The unique EO Smart Connecting Car 2 can shrink and drive sideways to park in any tiny space
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DFKI Robotics Innovation Center

(Image Credit: DFKI Robotics Innovation Center)

The explosive growth of cities has got commuters constantly struggling through ever-increasing congestion on the roads and limited space for parking.

The less space on the road has increased the option of the small car and similar other vehicles. These cars act as a perfect solution as it can squeeze into smaller spaces and maneuver in ways the current vehicles can't.

One such vehicle is the EO Smart Connecting Car 2 which is a flexible electric vehicle which shrinks to squeeze into tight parking spaces and is capable of driving sideways, similar to a crab, and can turn on a dime.

The EO Smart Connecting Car 2 is known as a micro car, an inventive design developed by DFKI Robotics Innovation Center located in Bremen, in Germany, where software designers and developer’s team along with construction and electronics engineers have been building the small smart car project for the last three years.

First introduced in 2012, the car is in its second iteration. Although the car drives like a traditional vehicle, each of its wheels is powered by a separate motor. With this functionality, the car is capable of driving sideways to fit into tight spaces in urban areas for parking where appropriately spaced parking spots are not always available, such as a small space on the side of the road, said the vehicle’s project manager Timo Birnschein.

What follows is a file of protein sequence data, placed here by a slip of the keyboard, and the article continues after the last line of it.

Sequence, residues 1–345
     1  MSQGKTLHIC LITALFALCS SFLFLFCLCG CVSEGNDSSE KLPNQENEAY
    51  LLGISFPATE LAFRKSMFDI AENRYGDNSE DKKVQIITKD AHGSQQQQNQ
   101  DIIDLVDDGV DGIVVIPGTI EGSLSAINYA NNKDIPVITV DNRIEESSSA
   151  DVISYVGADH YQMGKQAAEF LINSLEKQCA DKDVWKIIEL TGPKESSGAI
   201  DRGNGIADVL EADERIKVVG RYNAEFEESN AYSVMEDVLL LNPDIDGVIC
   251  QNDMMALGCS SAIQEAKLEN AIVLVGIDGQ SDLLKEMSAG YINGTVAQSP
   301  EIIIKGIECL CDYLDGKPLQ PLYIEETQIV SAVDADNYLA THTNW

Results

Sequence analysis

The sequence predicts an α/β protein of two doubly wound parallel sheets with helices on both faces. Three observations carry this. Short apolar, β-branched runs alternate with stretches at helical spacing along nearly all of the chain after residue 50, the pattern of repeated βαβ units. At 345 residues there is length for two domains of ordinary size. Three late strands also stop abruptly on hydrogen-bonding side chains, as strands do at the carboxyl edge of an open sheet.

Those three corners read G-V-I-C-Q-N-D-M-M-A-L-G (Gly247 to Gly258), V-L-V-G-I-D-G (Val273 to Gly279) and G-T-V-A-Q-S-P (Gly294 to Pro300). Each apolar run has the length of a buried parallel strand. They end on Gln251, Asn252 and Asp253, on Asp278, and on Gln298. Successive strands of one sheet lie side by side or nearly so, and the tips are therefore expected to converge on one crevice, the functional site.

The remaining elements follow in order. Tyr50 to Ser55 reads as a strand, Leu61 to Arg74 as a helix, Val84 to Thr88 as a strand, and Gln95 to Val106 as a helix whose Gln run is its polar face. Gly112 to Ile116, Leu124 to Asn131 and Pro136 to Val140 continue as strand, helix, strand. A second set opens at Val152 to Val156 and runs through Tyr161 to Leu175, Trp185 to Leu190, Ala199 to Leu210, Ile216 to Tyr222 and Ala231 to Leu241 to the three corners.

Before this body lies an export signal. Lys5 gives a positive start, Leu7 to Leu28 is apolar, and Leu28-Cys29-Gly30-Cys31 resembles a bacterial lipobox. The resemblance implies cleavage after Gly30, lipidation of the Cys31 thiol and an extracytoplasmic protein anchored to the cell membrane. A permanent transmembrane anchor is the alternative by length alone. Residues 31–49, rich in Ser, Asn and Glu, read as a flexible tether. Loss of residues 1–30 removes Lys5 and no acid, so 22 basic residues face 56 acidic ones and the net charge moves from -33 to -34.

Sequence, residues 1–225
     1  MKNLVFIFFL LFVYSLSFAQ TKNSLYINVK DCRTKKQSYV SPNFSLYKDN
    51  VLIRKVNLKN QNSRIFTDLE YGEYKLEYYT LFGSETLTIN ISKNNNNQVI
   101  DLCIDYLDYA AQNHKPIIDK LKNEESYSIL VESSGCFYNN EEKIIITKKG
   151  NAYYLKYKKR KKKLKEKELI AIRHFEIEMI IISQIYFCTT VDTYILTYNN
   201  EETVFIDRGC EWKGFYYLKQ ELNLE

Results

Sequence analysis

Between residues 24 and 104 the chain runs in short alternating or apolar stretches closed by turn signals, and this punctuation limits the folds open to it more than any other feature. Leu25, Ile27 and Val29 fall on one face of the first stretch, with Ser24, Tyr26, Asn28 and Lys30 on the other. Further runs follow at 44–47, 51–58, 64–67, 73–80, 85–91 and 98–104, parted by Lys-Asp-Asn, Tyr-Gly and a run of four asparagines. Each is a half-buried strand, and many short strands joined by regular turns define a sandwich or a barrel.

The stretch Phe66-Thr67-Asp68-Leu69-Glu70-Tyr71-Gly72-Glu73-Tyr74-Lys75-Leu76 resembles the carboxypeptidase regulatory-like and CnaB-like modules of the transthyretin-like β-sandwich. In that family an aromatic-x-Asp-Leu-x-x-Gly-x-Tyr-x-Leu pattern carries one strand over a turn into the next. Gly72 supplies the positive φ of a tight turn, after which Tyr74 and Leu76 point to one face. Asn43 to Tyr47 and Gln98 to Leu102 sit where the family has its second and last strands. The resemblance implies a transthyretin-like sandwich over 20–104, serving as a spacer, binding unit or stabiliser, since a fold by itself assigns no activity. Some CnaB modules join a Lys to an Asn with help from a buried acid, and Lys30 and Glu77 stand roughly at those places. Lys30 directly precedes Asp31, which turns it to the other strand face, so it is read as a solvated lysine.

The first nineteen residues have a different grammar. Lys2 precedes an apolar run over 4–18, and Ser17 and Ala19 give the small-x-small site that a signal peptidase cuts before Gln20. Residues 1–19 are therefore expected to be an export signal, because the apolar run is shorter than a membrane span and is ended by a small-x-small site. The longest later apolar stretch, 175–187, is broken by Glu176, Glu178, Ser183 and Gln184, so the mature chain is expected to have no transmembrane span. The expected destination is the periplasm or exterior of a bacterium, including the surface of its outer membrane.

He said that the whole transition process between normal driving and driving sideways takes just about four seconds.

Drivers in the connected EO Smart Connecting Car 2 can take their hands off the wheel; the electric car changes into fully autonomous mode.

The prototype is able to go to speeds up to 40mph (65 km/h) with a range of up to 30 to 44 miles (50 to 70 kilometers) on four-hour full charge of battery. It is capable of shrinking itself up to 1.5 meters if required while keeping all four wheels on the ground. This feature has motivated the team to use it in future cities, Birnschien said.

He further added that the car is capable of reducing its own size by nearly 80cm, which is almost the length of a bike. With this it can get into any parking space, and still be able to turn and drive sideways.

The team has so far invited many car makers to review the vehicle and the reactions have been positive.

Author
Carrie Ann is Editor-in-Chief at Industry Leaders Magazine, based in Las Vegas. Carrie covers technology, trends, marketing, brands, productivity, and leadership. When she isn’t writing she prefers reading. She loves reading books and articles on business, economics, corporate law, luxury products, artificial intelligence, and latest technology. She’s keen on political discussions and shares an undying passion for gadgets. Follow Carrie Ann on Twitter, Facebook & Google.

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